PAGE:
ASU Women's Center honors Women of Influence
In many college communities, there is an invisible wall that separates life on campus to what goes on around it. That "town and gown" separation, as it is sometimes called, can cause friction, resentment or just plain old general apathy between the two communities.
The Appalachian State University Women's Center does a great job of bridging the town and gown gap through a variety of programs and events, including the center's annual Women of Influence of Awards, which honors women on campus and in the community who are making a difference in the lives of others.
On Friday, March 25, the ASU Women's Center honored Tiffany Christian, Elaine Hartley, Amy Michael and Lauren White as the 2011 recipients of the Women of Influence Awards. The award ceremony was held in the Solarium of the Plemmons Student Union on the ASU campus.
The four were recognized as "women who work quietly, diligently and with great compassion to improve the lives of their friends, their organizations and their co-workers."
A committee of volunteers, students, faculty and ASU staff reviewed nominations for the award before selecting the four 2011 recipients.
During last Friday's ceremony, four guest speakers with professional knowledge of the individual recipient's contribution to the community introduced the four honorees.
Tiffany Thebeau introduced Tiffany Christian, Dr. Ray Miller introduced Elaine Hartley, Dr. Wayne Eberle introduced Amy Michael, and Brittany Burton introduced Lauren White.
Mary Pearce, a student volunteer with the ASU Women's Center, organized and emceed the Women of Influence Awards.
"Tiffany Christian is a professor in the Social Work Department and also teaches in a residential learning community. She is known for her compassion and friendliness towards her students. She also makes sure that her students are well taken care of. She always has the well-being in mind and will leave food for the students who don't go home over breaks. She goes out of her way to make sure her students achieve their full potential in the classroom and in life. On top of that she is very active in her church and is seen as a leader in that community. She does her best to welcome everyone with her open arms and open heart."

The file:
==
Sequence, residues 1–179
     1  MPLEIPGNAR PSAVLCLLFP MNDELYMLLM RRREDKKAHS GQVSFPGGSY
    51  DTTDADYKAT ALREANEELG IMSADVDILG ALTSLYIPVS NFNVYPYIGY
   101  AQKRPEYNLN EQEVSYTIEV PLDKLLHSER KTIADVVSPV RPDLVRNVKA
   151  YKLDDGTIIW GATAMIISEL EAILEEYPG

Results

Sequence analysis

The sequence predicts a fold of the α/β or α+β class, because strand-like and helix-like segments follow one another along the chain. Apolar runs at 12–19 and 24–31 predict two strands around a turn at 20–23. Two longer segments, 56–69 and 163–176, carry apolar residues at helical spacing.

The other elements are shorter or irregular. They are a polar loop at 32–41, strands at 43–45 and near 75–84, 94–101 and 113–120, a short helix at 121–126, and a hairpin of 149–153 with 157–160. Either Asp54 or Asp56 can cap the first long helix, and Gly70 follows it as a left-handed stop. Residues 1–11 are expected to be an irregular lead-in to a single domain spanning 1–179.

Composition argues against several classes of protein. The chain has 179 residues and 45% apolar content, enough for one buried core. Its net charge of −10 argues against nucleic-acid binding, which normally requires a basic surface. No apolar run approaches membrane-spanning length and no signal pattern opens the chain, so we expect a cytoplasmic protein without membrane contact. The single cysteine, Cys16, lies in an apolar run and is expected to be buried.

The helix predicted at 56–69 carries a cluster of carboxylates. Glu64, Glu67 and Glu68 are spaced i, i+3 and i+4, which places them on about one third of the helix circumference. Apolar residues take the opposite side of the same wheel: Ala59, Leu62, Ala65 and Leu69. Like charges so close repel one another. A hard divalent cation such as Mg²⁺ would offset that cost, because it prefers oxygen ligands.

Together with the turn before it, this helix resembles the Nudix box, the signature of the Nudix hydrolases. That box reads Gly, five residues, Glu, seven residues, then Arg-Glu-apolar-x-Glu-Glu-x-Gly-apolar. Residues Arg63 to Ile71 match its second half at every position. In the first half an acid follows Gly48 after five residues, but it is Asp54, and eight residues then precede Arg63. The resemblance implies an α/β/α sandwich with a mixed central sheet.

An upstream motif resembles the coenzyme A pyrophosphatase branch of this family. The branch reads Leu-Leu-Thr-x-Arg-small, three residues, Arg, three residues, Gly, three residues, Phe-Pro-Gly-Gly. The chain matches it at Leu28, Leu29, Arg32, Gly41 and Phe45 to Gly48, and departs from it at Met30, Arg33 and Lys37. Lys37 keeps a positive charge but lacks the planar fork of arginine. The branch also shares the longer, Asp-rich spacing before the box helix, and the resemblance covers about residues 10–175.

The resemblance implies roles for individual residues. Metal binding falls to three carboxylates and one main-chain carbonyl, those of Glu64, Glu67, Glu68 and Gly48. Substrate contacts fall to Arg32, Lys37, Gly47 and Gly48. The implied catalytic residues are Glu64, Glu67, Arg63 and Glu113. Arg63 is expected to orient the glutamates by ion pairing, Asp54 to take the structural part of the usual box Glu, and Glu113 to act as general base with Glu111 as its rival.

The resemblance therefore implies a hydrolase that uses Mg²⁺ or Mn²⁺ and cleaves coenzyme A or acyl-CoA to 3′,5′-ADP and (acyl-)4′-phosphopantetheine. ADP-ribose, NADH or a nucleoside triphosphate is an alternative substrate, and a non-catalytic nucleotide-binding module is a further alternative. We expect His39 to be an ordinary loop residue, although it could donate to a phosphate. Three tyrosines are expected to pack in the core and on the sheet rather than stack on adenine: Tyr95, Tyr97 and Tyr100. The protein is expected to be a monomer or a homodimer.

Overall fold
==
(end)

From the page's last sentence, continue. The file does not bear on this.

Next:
"Elaine Hartley is the secretary for the ASU Theatre and Dance Department and has served in this capacity since the founding of the department in 1989. She is considered to be the glue that connects all of the various pieces that make up the theater and dance program. She even gets her own day. The students and faculty wait until the end of the business day when Elaine has
'left the building,' and they decorate her office with balloons, mobiles, cut-out figures, candy, food and signed cards so that when she returns the next day the entire department graciously, enthusiastically and loudly celebrates 'Elaine Day.' She also makes a point to be at every dance and theatre performance that is put on to show her support for students and staff."
"Amy Michael is a master social worker at Watauga County Schools and works to ensure that children attend school and that they have the necessary basic resources to survive. She also works to ameliorate the suffering by helping students in emotional crises or intervening when they are involved with unsafe activities. At Watauga High School, she was instrumental in creating the 'Backpack Program' that is designed to provide donated food to high school students and allows them to transport the food home discretely, protecting the private nature of their difficult circumstances. Her kind heart and drive make her able to help those from all walks of life."
"Lauren White is the resident assistant for the third floor of East Hall, a third year senior, sociology major and an active member of the OASIS community. She affects all of those around her by being a good friend who goes beyond the call of duty to fulfill position as a resident assistant and OASIS volunteer. Her experience with OASIS has made it possible for Lauren to make a difference in the lives of other women. No person's needs are too small for her attention. She is beloved by both her residents and her friends."
"It is an honor for us to recognize these women in the community and at ASU who do the hard work to make our community a better place," Pearce said.